This post is more of a reminiscence that contextualises the reposting of an entry from my old blog than documentation of any work as such. Bear with me.
Several years ago I bought a set of four badges (from this guy, who is still going strong and worth a look though he no longer sells the set I’m writing about) that riffed on the I love New York design but declared the buyer’s love for, variously Jacques Derrida, John Peel, Russ Meyer, and someone else whose name escapes me. I only have the John Peel one now. I’m pretty sure I gave the Russ Meyer one to an old friend and I know I gave the Derrida one to a woman at an opening in Berlin.
Before giving it away I wore the Derrida badge a lot. This was done as an ironic gesture, as I wasn’t a fan of Derrida’s awkwardness and obscurantism. While studying on my Masters it was recommended that I watch the film Derrida (2002) directed by Amy Ziering Kofman. I did so and, guess what, I started to fall in love. The following list was made while watching the film (which I thoroughly recommend to anyone interested in how philosophers go about thinking and their daily lives).
- L’avenir (the Other) might be a route to the dystopia.
- The work and the life needs exploring.
- Encounters are ﬂawed on both sides as each brings to it their own agenda, which will include expectations, hopes, fears and the like.
- By observing a situation we change it.
- Shaking hands and blinking. Can we know what we look like with our eyes shut?
- What is it like to shake hands with us? Tickling ourselves is impossible.
- The relationship with a portrait is unheimlich/uncanny. How does the self-portrait ﬁt with this.
- If I name a ﬁlm “punchline”, what happens?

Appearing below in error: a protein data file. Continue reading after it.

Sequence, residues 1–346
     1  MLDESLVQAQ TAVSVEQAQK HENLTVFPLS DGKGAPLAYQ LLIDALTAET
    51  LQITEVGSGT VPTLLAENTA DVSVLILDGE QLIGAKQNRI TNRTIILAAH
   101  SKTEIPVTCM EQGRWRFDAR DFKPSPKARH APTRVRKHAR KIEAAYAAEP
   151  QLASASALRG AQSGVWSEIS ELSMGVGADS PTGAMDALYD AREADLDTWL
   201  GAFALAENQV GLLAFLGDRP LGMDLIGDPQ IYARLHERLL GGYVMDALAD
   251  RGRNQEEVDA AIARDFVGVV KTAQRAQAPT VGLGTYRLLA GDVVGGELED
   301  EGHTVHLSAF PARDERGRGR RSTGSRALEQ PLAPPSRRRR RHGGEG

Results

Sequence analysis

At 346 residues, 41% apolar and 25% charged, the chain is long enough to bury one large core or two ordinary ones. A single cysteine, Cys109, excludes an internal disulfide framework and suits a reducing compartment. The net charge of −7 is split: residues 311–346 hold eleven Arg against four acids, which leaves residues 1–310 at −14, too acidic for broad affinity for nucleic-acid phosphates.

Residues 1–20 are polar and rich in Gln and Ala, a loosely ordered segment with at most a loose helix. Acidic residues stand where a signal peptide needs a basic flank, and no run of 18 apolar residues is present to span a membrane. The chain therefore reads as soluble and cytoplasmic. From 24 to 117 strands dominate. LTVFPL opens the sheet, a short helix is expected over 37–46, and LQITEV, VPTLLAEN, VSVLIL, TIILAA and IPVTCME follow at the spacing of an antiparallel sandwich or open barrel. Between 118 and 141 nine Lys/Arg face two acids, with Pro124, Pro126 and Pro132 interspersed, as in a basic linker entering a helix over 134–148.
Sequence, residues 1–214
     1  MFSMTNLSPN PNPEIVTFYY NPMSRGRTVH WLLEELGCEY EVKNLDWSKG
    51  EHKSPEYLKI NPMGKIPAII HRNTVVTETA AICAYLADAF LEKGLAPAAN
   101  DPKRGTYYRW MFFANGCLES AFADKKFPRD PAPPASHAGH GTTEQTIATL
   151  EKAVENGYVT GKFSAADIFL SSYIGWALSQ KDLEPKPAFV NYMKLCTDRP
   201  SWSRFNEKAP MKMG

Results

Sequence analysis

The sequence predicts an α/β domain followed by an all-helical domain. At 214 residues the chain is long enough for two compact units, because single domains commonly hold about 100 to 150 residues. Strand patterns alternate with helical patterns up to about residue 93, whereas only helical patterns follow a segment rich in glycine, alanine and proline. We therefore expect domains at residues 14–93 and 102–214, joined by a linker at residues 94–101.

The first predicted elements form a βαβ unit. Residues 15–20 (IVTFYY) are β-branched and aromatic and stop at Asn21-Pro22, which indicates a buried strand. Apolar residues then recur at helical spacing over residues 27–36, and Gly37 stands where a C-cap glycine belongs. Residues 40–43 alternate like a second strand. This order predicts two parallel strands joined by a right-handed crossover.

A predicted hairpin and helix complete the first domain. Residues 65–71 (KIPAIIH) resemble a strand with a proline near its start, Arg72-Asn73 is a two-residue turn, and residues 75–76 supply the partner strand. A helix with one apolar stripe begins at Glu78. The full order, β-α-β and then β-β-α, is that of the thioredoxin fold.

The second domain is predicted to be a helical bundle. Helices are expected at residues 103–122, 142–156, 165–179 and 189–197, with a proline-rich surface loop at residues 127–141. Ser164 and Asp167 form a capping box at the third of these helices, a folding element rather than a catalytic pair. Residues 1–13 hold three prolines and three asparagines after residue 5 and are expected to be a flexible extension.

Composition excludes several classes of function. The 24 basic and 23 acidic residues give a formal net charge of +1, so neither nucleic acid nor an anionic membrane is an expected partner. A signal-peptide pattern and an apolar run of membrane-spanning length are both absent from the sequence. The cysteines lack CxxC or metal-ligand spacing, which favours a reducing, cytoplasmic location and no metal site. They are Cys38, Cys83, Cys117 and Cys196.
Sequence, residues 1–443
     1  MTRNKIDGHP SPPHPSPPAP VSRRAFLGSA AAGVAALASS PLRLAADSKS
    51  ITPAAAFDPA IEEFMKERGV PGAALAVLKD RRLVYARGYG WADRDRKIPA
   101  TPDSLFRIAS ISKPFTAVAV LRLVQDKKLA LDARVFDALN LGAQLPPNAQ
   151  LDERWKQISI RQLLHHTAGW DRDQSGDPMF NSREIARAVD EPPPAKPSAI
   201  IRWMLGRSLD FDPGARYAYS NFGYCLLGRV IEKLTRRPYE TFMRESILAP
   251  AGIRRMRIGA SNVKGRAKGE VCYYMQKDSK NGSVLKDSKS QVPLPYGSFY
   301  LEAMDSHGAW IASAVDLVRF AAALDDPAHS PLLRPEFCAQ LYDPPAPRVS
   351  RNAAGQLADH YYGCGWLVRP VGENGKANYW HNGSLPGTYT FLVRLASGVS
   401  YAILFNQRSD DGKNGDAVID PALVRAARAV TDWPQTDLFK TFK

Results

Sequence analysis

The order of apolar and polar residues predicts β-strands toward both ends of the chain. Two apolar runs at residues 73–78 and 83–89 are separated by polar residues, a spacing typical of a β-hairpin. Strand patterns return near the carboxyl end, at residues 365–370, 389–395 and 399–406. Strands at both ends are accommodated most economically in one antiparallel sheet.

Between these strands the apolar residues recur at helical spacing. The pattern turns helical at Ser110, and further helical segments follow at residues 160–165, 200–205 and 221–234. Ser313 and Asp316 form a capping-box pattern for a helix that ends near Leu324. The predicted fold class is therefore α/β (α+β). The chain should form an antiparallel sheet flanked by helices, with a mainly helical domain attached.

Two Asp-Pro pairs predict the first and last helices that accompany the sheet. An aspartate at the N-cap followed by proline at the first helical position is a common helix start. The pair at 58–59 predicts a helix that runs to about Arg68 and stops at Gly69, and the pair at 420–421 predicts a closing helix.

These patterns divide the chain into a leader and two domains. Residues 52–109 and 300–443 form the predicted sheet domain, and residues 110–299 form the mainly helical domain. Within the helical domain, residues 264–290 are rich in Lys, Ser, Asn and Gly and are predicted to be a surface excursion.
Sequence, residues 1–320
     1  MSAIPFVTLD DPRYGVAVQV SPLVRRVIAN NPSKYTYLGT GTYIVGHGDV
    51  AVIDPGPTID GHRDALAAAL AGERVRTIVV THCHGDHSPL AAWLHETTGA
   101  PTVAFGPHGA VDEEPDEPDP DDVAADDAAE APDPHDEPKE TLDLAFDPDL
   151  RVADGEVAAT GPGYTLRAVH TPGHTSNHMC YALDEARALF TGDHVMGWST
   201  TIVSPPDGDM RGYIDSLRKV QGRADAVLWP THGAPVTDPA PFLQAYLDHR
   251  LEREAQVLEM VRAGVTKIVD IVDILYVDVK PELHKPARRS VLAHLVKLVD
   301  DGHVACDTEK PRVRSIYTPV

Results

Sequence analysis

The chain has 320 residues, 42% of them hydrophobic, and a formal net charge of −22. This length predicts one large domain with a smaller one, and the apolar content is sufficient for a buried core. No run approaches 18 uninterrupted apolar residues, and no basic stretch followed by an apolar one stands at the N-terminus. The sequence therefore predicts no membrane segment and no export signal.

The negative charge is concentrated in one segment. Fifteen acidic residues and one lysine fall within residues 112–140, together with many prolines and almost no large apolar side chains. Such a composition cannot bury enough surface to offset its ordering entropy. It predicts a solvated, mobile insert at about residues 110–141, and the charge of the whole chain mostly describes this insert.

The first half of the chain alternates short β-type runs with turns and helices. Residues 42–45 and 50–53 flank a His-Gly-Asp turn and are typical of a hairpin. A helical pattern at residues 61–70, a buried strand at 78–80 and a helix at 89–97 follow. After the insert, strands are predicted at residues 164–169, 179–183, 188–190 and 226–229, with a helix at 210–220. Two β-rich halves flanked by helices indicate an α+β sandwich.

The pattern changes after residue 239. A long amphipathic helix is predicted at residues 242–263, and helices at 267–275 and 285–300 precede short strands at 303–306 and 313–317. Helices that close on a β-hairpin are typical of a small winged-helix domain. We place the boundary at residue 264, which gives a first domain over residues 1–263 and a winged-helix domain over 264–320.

- The clip/fragment (ﬁlm trailers, next week on…)
- How does dementia play out for philosophers?
- Recognition. How do we do it? How does face recognition software work?
- Echo and Narcissus (daffodis)
- Two futures – one predictable and programmed
- The other isn’t. Derrida calls it “L’Avenir” and it brings with it The Other. A “real” future beyond the one that is programmed.
- A rigorous and inventive interpretation of even a fragment of philosophy will reveal more than a “proper” biography of the philosopher.
- Biography of the philosopher is traditionally external to philosophy. Heidegger said of Aristotle: “He was born, he thought and he died”.
- Deconstruction recognizes that which is not natural and underlines and exposes the unnaturalness wherever it exists. It does not happen “after” but is in the architecture of the situation.
- We have learned to ignore recording devices.
- “You should know that I stay dressed in my pyjamas and dressing gown until I go out”. Deconstruction again.
- “The gaze has no age”
- The hand is the way one encounters The Other. The Other knows better what we look like as we are hampered.
- “I can’t tell a story”.
- On love: Is one drawn to The Other because of them “in and of themselves” or rather as a collection of “somethings”? If the latter then love can (will?) die. The Other returns, in other words. The difference between the Who and the What.
- “Do we forgive someone or do we forgive someone, something?”
- “Now, how would two blind people love each other?”
- The documentary is as much an autobiography of the maker as it is a biography of the subject.